And the other advantage of having the higher earner hold off is if the higher earner, who, again, has traditionally been the husband, if he dies, then the surviving spouse gets what he was receiving.  So, let’s say that he capped it off at $20,000 instead of waiting and maybe getting $35,000.  At his death, his wife would get $35,000 if he waited, but maybe only $20,000 if he didn’t. 

And by the way, that also brings up some interesting strategies for people who are not married.  So, for unmarried folks, you know, same sex or opposite sex, they should consider some of the financial advantages of getting married, if nothing else, for Social Security, for the spousal benefit, and the Social Security death benefit for the surviving spouse.  Lot of different, interesting strategies.  That’s just really one of them in the Social Security world.

Dan Weinberg:  Now, of course, during the course of this hour, we talked about assets.  Well, in order to have assets, you need to invest and make some money.  So, how should listeners invest their portfolios?  What’s the best way?

Jim Lange:  Well, I have changed my thinking a little bit over the years, and now I have seen the light, and now I am a proponent of low-cost index investing, where basically, instead of trying to beat the market, you try, with a very low cost, of being in the market and having a very well-diversified portfolio of literally thousands of different companies, stretched in every different asset category, that is, large cap growth and large cap value, mid cap growth and mid cap value, and small cap growth and small cap value, and international large, international small, international value, etc. etc. etc.  Having a well-diversified portfolio of all those assets in low-cost index funds, whether it is Vanguard, which is probably the best-known and probably one of the best index funds on the market, or the one that we like, which is Dimensional Fund Advisors, which we think has an outstanding record, and we’re always happy to compete with Vanguard investors for that.  But without being a commercial for Dimensional Fund Advisors, or for our services, in general, the concept of a well-diversified portfolio of index funds is probably going to serve most listeners the best over a long period. 

Dan Weinberg:  Okay.  So, we’ve talked about the asset part of it, with index funds.  We’ve talked about Roth IRAs, Roth IRA conversions, and we’ve talked about Social Security.  How do these strategies work together?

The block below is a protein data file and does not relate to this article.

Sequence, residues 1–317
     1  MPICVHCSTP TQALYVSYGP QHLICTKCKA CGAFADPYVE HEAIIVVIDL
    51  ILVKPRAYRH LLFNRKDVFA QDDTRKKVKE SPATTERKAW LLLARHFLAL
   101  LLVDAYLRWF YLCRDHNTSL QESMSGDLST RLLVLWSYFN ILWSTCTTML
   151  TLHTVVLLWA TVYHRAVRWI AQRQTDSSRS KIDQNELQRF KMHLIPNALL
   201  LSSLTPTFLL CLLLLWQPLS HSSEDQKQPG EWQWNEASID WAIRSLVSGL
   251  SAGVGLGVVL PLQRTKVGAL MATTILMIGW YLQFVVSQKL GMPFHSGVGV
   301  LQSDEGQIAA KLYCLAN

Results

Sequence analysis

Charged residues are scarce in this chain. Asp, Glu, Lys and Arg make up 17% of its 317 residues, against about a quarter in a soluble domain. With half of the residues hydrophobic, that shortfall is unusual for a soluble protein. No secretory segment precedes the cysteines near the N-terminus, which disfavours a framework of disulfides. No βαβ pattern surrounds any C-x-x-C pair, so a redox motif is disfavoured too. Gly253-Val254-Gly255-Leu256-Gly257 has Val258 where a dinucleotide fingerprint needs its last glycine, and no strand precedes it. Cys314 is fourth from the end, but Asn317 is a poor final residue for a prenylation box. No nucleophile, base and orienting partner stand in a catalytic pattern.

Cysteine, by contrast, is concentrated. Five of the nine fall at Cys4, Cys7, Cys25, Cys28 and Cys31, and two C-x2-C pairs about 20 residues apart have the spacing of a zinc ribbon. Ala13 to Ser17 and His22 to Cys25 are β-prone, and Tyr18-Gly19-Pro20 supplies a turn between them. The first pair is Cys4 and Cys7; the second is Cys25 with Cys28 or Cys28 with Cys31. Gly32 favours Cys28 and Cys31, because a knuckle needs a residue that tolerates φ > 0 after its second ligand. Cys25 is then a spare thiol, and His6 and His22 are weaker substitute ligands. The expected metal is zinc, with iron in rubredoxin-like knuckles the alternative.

Jim Lange:  Well, I do believe that they are a synergy.  So, let’s say, for discussion’s sake, we talked about Social Security, and we said that with Social Security, I’m not interested in people taking Social Security at 66, other than the spousal benefit, and we’re going to create, by that Social Security strategy, a very low income for the years between 66 and 70, because we’re holding off on Social Security, we’re holding off on taking our IRA, so now we have a window, in effect, of a very low tax bracket for a four-year period.  That’s the perfect time to make a Roth IRA conversion.  If we want to tie it into investments, we are a big believer in what we call the ‘bucket approach,’ which means you don’t have one portfolio, you have multiple portfolios.  Maybe one portfolio for years one and two, which might be mainly cash and CDs and maturing bond ladders, etc.  Then another portfolio for longer term money, and then another one for maybe ten years out, and then the Roth, that might be the legacy money.  That might be a hundred percent in investments.  So, here, we’re tying in Social Security strategy, Roth strategy, distribution strategy and investment strategy, and then if we’re going to add in the estate planning strategy of the flexibility, that’s where I think that you get these great synergies and, frankly, it’s one of the reasons why our firm has been so successful, why we have a 99% retainage rate with our index advisor, because we are, in effect, a one stop shop, where people can get advice on all these areas, and they can have a synergy between those different strategies.